The question of whether U.S. District Judge Virginia Phillips’ overstep judicial boundaries by banning ‘Don’t Ask, Don’t Tell’ raises a more important issue about how law and public policy treats sexuality. Legal decisions relating to sexuality are made all the time in our courts. There appears to be no end to the people being convicted and sentenced for illegal sexual conduct. At current rates of conviction, we’ll soon have a million registered sex offenders in America.
This is where it gets interesting because debate over sexual orientation usually focuses on whether it’s a matter of choice or a condition of birth. As the line goes, if it’s a condition of birth, Civil Rights law could possibly apply; if a chosen lifestyle, using Civil Rights categories would be misguided.
It’s very difficult to resolve ethical or legal questions about sexual conduct outside of the context of human choosing. Arguments for sexual conduct based on some kind of genetic predisposition simply don’t help us determine what is right or wrong or what is best for society. It’s clearly possible to be biologically inclined toward many types of behavior, but using such impulses to define personhood or to justify behavioral choices is slippery legal terrain.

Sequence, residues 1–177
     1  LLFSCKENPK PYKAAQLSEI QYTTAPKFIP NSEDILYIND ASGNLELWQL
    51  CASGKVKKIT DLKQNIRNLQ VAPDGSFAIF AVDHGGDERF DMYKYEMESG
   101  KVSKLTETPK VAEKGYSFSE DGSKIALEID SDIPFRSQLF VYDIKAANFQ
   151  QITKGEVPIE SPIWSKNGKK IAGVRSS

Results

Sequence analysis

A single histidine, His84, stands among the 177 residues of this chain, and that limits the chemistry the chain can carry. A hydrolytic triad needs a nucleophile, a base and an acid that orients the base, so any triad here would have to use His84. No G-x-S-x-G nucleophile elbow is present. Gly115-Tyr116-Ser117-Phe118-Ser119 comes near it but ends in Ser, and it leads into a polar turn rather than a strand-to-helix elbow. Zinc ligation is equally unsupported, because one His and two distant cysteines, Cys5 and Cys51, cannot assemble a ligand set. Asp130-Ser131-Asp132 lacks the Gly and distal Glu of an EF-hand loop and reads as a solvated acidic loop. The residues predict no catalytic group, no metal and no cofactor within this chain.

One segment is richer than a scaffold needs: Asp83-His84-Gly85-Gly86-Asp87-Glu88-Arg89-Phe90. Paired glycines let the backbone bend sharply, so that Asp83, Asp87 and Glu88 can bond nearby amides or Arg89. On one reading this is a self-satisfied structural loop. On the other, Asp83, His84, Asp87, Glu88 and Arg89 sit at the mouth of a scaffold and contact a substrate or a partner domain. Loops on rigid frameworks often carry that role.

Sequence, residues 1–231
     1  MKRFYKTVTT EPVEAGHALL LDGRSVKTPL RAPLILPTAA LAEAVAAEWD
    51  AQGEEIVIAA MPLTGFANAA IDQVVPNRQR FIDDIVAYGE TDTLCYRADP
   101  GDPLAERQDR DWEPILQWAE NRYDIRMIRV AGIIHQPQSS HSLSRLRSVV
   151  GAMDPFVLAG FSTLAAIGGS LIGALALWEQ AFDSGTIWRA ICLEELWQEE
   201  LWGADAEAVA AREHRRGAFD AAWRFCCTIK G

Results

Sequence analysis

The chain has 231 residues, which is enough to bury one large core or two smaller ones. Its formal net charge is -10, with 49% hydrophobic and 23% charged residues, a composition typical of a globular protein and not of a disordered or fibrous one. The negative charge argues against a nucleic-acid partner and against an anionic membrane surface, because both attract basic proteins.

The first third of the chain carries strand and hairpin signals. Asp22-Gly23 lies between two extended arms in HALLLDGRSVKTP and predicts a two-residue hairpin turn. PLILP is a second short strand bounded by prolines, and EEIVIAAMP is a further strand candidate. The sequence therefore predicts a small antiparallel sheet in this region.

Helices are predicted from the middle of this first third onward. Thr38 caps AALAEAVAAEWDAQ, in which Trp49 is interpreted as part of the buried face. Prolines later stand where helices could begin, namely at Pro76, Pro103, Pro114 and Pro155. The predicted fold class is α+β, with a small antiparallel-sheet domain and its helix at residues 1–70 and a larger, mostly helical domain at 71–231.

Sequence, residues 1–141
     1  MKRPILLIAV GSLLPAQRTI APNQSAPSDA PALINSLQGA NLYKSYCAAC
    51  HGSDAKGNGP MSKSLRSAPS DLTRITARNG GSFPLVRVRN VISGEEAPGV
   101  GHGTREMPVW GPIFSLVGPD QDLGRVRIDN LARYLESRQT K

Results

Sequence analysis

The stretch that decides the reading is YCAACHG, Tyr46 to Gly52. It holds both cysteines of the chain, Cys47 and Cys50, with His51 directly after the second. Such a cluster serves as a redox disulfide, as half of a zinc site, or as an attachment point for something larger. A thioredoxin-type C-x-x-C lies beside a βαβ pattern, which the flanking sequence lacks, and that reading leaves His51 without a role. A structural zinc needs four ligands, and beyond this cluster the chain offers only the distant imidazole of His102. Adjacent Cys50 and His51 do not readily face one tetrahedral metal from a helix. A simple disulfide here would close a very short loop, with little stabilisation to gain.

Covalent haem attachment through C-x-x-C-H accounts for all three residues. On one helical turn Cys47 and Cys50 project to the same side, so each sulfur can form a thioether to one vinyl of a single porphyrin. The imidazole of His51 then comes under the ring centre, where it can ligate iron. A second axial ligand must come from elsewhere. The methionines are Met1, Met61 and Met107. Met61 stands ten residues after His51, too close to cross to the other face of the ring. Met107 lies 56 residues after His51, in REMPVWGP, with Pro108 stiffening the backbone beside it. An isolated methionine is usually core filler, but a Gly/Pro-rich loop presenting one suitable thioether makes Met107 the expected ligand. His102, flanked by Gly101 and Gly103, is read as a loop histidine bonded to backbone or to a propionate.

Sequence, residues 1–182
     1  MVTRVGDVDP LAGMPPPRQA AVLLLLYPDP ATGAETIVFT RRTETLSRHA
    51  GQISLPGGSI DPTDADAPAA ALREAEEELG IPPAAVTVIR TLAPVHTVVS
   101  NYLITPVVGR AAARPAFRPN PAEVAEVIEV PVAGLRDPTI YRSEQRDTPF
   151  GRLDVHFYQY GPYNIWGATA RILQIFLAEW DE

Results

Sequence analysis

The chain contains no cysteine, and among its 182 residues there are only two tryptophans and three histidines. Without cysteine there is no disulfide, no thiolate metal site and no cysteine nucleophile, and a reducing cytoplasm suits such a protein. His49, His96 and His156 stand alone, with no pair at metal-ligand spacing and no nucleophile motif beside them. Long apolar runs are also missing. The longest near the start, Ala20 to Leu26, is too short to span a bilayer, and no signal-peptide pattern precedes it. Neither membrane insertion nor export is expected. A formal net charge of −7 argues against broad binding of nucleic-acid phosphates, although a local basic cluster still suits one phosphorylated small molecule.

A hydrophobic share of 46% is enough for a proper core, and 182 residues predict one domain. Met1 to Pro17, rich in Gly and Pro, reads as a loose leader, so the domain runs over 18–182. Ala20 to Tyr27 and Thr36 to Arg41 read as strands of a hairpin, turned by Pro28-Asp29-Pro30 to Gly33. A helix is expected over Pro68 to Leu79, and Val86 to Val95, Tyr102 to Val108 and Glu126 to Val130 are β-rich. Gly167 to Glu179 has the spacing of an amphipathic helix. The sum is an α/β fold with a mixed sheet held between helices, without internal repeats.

In judicial settings, sources behind behavior could be used to balance judgment with mercy, but such influences must not be used to validate any type of sexual behavior. People must be treated as individuals who choose to act in relation to the influences in their lives. Therefore, it is best for us to speak of sexual desires and behaviors only in the context of human choosing. A society that intends to condemn certain forms of sexual conduct as illegal must treat all sexuality in the context of human choosing, not as a predetermined condition. A departure from this approach to sexuality will open a legal and civil Pandora’s box.
Millersville Bible Church
See also: Sexual behavior and human choosing: